Title 1 Newsletter
Title I is the largest federal aid program for our nation’s schools. The goal of Title I is a high-quality education for every child, so the program provides additional assistance with reading and math to students who need it most. (Currently Title I funds are used in the area of math at Crestview.)
Parents Are a Part of the Title I Team
We recognize that parents influence their child’s education more than any teacher or school. Parent involvement is critical to the success of the Title I program. There are many things parents can do to boost their child’s achievement:
· Set a good example by letting your child see you read newspapers, magazines or books. Let your child help you use math when shopping and also at home – sorting, counting, comparing and cooking.
· Take advantage of resources by visiting the public library. Help your child pick out books to read just for fun.
· Read! Read! Read! Read to your child and ask your child to read to you.
· Show interest in your child’s school day. Ask questions, review schoolwork and praise effort and improvement, no matter how small it may seem to you.
· Take time each night for completing homework, including math study or home links.
Attend Parent-Teacher Conferences and Title I Parent Nights. Contact your child’s Title I teacher(s) at any time during the school year if you have questions or concerns regarding your child’s progress in reading or math.
(Source: WDMCS web site)
What we are doing right now:
- Number Sense to 1,000, by developing proficiency with the base-ten number system. Students will use number lines and charts to count and skip count by tens.
- Number Sense, by investigating the meaning of place value. Students will compose and decompose numbers as well as gain an understanding of the role that regrouping plays in place value.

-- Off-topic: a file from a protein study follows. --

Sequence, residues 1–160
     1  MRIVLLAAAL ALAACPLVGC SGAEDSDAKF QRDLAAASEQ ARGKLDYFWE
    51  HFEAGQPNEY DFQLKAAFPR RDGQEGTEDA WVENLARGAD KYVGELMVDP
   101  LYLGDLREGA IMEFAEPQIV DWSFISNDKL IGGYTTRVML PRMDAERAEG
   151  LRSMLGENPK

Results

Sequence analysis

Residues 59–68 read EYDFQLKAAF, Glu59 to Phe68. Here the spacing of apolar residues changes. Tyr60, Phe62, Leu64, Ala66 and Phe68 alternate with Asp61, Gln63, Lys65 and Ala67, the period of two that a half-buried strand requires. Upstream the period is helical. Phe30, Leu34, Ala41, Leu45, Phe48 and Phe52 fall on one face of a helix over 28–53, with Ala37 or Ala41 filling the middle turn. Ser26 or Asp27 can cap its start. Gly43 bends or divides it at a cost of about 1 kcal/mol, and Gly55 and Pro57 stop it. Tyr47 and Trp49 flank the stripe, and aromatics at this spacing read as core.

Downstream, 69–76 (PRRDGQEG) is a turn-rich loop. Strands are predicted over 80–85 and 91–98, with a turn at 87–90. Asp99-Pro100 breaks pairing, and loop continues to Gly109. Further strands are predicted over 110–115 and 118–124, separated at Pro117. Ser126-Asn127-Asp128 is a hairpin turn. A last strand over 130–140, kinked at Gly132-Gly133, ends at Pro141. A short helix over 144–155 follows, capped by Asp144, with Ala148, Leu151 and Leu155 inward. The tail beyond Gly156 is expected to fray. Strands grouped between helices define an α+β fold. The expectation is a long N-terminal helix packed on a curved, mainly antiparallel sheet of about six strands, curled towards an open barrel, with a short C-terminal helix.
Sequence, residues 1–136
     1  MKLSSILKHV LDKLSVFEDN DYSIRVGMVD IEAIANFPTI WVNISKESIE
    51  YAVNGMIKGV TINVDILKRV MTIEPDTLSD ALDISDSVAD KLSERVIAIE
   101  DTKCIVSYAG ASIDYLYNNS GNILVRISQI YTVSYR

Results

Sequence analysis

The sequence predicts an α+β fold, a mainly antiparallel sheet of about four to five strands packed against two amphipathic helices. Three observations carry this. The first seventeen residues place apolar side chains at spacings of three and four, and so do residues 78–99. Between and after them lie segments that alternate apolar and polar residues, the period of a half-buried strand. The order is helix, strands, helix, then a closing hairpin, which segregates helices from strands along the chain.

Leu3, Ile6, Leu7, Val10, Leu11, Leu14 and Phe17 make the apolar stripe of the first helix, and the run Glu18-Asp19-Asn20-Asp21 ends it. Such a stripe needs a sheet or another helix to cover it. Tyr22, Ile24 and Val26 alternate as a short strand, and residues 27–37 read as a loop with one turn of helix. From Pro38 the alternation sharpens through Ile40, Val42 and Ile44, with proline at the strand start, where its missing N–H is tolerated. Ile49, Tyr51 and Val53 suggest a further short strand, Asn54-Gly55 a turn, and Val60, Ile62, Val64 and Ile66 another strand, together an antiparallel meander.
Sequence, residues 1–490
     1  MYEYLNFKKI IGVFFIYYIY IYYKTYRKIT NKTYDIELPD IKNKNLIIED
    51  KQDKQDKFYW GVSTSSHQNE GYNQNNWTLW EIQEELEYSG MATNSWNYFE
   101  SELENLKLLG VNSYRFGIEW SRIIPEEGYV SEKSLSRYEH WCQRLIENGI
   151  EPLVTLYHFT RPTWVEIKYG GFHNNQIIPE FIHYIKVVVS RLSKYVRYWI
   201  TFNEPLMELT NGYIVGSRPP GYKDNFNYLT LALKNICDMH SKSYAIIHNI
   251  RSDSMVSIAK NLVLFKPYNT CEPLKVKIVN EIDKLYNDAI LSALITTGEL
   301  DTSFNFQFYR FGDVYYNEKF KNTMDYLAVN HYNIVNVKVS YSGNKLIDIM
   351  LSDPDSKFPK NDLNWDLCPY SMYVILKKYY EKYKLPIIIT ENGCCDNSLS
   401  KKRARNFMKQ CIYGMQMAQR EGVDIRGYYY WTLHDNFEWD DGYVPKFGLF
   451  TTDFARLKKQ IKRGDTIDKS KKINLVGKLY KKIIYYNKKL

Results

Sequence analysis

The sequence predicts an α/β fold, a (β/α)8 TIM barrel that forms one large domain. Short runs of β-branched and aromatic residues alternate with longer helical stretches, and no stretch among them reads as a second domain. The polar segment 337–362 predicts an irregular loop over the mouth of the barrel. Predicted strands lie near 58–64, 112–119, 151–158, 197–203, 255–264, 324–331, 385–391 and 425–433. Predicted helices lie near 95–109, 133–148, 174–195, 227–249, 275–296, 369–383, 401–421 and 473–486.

Greg Tang Math
Five years ago, Greg Tang launched this website from a small coffee shop in Arlington, Massachusetts as a way to make his books, games, and teaching materials available to more students and teachers. Today, it is used by classrooms around the world to supplement their math curriculums and develop better computational and problem-solving skills.
Every activity has been designed to teach a critical skill or strategy while providing the repetition and practice required for mastery. Most importantly, each stays true to the ideal that teaching and learning should be clever and fun. None of our games use non-math activities to inspire students to play. The hook of every game is the math itself and students spend every second doing math. It is all math, all the time.
If your student likes playing games on the computer, please show them the fun math games they can find here: http://gregtangmath.com/games.html Parents and teachers have found they enjoy the games too!
The story of 9 year old Caine, who spent his summer building an elaborate cardboard arcade inside his dad's used auto part store, and a community that came together to make his day. Caine's Arcade has inspired millions, and launched a movement to foster creativity and entrepreneurship in kids, via the Imagination Foundation. http://vimeo.com/40000072